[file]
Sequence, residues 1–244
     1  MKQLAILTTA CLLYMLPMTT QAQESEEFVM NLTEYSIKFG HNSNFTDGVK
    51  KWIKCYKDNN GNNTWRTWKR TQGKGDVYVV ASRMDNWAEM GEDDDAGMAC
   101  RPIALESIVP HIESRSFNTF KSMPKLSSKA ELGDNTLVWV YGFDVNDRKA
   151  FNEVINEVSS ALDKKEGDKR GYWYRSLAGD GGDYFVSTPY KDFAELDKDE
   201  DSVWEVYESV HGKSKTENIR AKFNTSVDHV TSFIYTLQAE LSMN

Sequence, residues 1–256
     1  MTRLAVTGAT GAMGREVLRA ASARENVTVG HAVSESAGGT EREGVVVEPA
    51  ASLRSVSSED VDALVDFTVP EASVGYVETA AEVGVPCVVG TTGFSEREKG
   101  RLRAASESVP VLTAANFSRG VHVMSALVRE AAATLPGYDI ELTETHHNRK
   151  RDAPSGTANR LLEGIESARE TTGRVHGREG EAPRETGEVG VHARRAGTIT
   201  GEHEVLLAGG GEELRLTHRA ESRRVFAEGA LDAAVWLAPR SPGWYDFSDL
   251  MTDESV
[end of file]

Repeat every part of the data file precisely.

Sequence, residues 1–244
     1  MKQLAILTTA CLLYMLPMTT QAQESEEFVM NLTEYSIKFG HNSNFTDGVK
    51  KWIKCYKDNN GNNTWRTWKR TQGKGDVYVV ASRMDNWAEM GEDDDAGMAC
   101  RPIALESIVP HIESRSFNTF KSMPKLSSKA ELGDNTLVWV YGFDVNDRKA
   151  FNEVINEVSS ALDKKEGDKR GYWYRSLAGD GGDYFVSTPY KDFAELDKDE
   201  DSVWEVYESV HGKSKTENIR AKFNTSVDHV TSFIYTLQAE LSMN

Sequence, residues 1–256
     1  MTRLAVTGAT GAMGREVLRA ASARENVTVG HAVSESAGGT EREGVVVEPA
    51  ASLRSVSSED VDALVDFTVP EASVGYVETA AEVGVPCVVG TTGFSEREKG
   101  RLRAASESVP VLTAANFSRG VHVMSALVRE AAATLPGYDI ELTETHHNRK
   151  RDAPSGTANR LLEGIESARE TTGRVHGREG EAPRETGEVG VHARRAGTIT
   201  GEHEVLLAGG GEELRLTHRA ESRRVFAEGA LDAAVWLAPR SPGWYDFSDL
   251  MTDESV